A few thoughts on a few, somewhat random, topics...
Otter and the food tax repeal. Will Gov. Butch Otter sign or veto the repeal of Idaho’s sales tax on food? The Legislature voted overwhelming to do so but the cost is steep, over $70 million per year.
Word on the street is that many legislators voted in favor with the expectation that Otter would veto the measure. The theory is that it was a “free vote” without consequence.
Otter’s handpicked successor, Lt. Gov. Brad Little, issued a press statement favoring the measure. Numerous other legislators have also encouraged Otter to sign the bill.
There is risk of a repeal based on the experience of our neighbor to the south. Utah’s Legislature reduced its state sale tax on food in 2006 from 4.75% to 1.75%. The result has been to destabilize the state tax system with projected revenue shortfalls despite Utah’s strong economy.
So, does Otter protect the general fund or does he join the repeal bandwagon? My guess is a veto but stay tuned. I don’t think just allowing the measure to become law without a signature is completely out of the realm of possibility. Otter has until April 12to make his final decision.
Is the lieutenant governor’s race wide open, or pre-determined? With Lt. Gov. Brad Little looking to take the top spot, his current position is drawing a bevy of Republican competitors: Idaho State Sen. Marv Hagedorn, former State Rep. Janice McGeachin, current State Rep. Kelley Packer and, potentially, GOP State Chair Steve Yates.
Here is my initial take on each.
Yates has the highest profile, having been the subject of numerous media interviews, and the broadest potential network in that he knows virtually every GOP activist in Idaho. Will he focus on his conservative politics and/or play up his ability to open markets for Idaho companies (he speaks fluent Mandarin)?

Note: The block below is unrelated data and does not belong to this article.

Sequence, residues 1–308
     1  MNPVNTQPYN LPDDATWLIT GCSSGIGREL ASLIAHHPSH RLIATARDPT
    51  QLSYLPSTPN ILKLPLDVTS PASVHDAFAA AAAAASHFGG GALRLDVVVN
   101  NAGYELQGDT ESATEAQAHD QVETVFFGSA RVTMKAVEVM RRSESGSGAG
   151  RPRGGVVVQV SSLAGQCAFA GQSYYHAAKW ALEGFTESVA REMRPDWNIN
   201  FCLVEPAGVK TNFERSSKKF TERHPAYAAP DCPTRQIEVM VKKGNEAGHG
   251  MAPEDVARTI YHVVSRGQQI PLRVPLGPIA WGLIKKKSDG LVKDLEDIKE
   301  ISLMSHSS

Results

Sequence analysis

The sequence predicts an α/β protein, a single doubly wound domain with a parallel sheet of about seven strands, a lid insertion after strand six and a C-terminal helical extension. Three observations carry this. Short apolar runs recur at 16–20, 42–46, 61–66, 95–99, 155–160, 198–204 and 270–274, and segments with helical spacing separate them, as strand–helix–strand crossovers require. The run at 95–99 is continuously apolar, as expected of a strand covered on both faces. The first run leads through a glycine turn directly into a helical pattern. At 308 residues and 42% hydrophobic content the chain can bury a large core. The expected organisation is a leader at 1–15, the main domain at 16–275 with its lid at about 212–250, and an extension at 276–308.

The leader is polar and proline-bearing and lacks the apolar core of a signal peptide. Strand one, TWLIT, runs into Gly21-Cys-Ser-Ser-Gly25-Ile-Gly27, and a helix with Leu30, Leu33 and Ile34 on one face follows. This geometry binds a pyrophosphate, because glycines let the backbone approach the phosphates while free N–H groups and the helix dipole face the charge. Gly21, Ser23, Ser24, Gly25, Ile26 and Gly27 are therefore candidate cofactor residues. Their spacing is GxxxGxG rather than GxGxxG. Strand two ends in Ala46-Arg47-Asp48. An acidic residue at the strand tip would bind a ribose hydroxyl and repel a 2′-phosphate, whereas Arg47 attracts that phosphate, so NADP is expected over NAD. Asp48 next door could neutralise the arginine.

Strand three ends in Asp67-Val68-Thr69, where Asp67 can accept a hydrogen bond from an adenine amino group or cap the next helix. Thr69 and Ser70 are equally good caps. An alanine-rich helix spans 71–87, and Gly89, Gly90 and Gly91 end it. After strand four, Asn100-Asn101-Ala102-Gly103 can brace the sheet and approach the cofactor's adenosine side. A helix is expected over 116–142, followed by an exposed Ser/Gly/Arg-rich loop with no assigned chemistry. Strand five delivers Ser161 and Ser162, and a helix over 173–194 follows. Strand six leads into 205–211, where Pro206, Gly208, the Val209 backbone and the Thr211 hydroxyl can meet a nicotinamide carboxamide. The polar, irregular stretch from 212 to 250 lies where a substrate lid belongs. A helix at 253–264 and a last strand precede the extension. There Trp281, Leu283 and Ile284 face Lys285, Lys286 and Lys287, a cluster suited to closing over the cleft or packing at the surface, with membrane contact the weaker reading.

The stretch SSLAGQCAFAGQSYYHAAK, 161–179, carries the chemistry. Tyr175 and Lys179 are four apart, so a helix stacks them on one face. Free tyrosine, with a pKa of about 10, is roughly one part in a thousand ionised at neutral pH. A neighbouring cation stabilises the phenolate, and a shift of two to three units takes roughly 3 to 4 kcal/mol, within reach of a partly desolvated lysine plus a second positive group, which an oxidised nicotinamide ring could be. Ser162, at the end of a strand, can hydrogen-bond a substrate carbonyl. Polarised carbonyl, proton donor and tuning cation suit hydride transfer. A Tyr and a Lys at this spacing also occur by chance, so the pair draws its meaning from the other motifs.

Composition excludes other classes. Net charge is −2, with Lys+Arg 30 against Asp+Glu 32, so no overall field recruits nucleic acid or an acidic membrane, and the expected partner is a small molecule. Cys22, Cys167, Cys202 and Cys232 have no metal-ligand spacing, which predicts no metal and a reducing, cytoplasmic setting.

Kelly Packer hails from the Pocatello area. She admirably fended off a 2016 primary challenge from a hard right opponent. She has backed some sort of healthcare coverage for the “gap population” in Idaho. Perceived as sort of a moderate.
Janice McGeachin is a loyal, enthusiastic Trump backer and conservative activist from the Idaho Falls area. She runs a pub & grill in downtown Idaho Falls. Social media savvy. As the most conservative candidate in the race she will attract lots of hard right folks. Can she raise the money necessary to compete with Yates?
Marv Hagedorn is 12-year member of the legislature who represents Meridian and Eagle. He is known for his advocacy of veterans’ issues, but has drawn some hostility from conservative activists in the past. As the only candidate from west of Pocatello, he may have an edge in the important Treasure Valley area.
I wouldn’t be surprised if others join the fray.
National coverage for Twin Falls. Last week the New York Times did a great story on Twin Falls’ spectacular economic growth. It highlighted the massive Chobani plant, a low unemployment rate and rising wages. The money quote: “New manufacturing jobs and population growth have bolstered southern Idaho, bucking the pattern, and the perception, of rural struggle.” A hat tip to the economic development folks in the Magic Valley.